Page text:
#2.) Julio Teheran, RHP, Braves (AA)—Teheran’s in that same class of 1991-born pitchers who reached Double-A in 2010, along with Banuelos and Perez, and he beats out both of them here because he’s better on paper than Banuelos and he posted far better numbers than Perez in 2010. He’s armed with easy mid-90’s heat and a deadly changeup, and his curveball is making rapid strides as well. High-A hitters had absolutely no chance, and although his control took a Perez-esque slide in Double-A, he still managed a 3.30 FIP at that level. Teheran’s fairly obviously the #1 pitching prospect in baseball—it’s not really that close.

#1.) Mike Trout, OF, Angels (High-A)—Trout hit .362/.454/.526 with 45 steals in 81 games in full-season ball at age 18. That’s pretty much all I need to say about him. Promoted to High-A before his 19th birthday, Trout continued to hit well, and if he keeps hitting like this he could see the majors before he turns 20 on August 7. Trout has just about every skill you’d want—he plays a good center field, hits for excellent averages, has extremely good speed, and possesses plus power potential. He even has an advanced batting eye. There’s no better prospect in baseball right now.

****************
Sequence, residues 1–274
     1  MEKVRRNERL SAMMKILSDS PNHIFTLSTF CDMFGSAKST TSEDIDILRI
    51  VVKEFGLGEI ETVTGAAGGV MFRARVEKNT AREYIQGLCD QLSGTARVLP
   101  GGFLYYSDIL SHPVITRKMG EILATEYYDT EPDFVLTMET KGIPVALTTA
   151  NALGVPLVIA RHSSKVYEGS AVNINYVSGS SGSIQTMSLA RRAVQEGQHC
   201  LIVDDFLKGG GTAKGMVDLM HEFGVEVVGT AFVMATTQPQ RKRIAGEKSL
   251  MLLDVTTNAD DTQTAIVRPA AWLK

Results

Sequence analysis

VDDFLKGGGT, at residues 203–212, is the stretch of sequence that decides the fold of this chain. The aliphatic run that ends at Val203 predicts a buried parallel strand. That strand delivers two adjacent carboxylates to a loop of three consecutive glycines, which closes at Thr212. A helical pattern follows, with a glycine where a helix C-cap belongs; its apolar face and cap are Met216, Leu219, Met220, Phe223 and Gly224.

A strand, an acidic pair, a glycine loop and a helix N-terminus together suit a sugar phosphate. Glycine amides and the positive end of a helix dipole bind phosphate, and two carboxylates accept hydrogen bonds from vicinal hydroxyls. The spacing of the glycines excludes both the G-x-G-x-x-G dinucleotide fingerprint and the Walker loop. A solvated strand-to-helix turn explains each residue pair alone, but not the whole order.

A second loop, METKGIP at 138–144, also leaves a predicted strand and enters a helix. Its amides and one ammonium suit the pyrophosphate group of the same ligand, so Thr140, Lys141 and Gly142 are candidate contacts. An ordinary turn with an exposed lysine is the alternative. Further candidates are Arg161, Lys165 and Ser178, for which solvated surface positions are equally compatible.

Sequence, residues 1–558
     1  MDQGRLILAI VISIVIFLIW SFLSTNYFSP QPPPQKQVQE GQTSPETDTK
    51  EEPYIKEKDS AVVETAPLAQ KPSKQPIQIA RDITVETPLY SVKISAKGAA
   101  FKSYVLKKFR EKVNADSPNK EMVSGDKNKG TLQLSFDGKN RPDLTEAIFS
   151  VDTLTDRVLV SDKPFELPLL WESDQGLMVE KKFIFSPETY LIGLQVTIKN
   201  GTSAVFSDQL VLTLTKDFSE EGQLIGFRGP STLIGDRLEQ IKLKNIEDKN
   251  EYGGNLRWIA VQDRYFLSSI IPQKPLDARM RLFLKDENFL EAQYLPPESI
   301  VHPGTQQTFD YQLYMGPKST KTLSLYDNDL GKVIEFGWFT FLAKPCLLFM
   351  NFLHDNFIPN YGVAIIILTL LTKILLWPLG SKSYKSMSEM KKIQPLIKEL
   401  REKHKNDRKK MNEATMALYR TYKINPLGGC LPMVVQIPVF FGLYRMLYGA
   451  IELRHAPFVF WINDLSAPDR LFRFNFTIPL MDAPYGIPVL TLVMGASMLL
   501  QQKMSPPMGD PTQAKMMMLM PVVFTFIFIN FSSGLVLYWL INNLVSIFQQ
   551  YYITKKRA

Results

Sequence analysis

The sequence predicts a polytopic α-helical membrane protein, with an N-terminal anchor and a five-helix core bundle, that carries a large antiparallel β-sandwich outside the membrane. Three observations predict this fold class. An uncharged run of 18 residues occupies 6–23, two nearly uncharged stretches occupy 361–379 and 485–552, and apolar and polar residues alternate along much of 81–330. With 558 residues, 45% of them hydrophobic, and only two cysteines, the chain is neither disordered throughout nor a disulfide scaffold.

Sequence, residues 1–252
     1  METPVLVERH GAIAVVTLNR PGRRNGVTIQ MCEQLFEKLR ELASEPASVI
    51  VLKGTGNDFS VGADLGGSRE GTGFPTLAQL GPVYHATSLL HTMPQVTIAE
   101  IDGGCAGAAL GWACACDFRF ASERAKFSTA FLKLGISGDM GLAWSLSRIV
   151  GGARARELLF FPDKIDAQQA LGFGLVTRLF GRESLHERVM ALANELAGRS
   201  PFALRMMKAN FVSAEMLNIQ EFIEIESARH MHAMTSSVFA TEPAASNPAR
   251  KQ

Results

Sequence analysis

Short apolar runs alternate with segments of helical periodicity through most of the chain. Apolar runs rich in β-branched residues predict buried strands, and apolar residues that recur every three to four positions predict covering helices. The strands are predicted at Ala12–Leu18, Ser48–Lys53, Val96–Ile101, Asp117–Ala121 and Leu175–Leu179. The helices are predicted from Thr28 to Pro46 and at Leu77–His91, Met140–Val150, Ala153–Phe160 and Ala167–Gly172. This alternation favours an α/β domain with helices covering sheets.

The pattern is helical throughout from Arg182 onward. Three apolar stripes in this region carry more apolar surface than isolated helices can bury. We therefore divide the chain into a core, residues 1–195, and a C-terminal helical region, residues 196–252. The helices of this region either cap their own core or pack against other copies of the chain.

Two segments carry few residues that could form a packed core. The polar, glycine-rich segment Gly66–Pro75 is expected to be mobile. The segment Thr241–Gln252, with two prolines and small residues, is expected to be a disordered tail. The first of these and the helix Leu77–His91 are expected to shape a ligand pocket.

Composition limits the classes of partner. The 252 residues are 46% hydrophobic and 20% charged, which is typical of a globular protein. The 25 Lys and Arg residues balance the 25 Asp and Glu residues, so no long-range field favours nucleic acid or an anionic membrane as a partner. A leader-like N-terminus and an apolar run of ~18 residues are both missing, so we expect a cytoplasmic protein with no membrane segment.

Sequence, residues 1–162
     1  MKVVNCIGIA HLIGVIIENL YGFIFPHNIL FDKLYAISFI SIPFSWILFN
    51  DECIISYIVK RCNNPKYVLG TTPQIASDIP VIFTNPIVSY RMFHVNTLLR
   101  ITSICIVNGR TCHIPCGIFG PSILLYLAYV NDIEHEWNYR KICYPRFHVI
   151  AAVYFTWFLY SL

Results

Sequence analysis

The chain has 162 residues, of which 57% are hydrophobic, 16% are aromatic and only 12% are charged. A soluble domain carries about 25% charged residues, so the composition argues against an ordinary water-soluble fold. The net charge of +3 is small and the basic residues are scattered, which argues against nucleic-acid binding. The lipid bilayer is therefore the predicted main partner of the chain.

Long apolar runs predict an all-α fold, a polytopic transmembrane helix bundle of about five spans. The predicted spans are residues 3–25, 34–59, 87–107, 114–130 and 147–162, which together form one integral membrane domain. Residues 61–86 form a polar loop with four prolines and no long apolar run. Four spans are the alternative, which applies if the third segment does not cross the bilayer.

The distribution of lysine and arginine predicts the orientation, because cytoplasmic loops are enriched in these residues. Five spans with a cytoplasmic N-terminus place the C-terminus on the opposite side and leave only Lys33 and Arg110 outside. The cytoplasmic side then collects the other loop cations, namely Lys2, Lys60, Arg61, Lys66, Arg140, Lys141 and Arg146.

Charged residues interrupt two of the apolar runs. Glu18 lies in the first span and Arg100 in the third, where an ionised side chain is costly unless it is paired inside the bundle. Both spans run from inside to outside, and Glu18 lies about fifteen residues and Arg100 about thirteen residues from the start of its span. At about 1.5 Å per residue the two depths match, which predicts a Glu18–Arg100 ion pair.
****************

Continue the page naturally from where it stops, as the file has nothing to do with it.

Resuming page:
I realize I left Phillies outfielder Domonic Brown off the list, which seems outrageous at face value—many evaluators have him ahead of Trout. My omission of Brown has nothing to do with me disliking him (I don’t); rather, it’s a technicality. I made this list in August, at the end of the minor league season, so I left Brown off, thinking he would get the requisite number of major league at-bats to lose his prospect status since he was promoted to Philadelphia in midsummer. Ultimately, he didn’t reach that threshold, so he’s still eligible. Had I known that, I probably would have put him third, between Teheran and Lyles.

On a more apologetic note, I’m really wondering how I didn’t put Jacob Turner on the list. The young Tigers righty has all the attributes I’m looking for—young for his level, plus stats, plus stuff—so when I happened across his numbers the other day doing research, I was astonished I didn’t consider him. I’m not sure what happened there; perhaps I simply missed taking note of his name when looking through the giant database that is So, apologies to Tigers fans on that one—Turner definitely has ace potential and is an impressive prospect.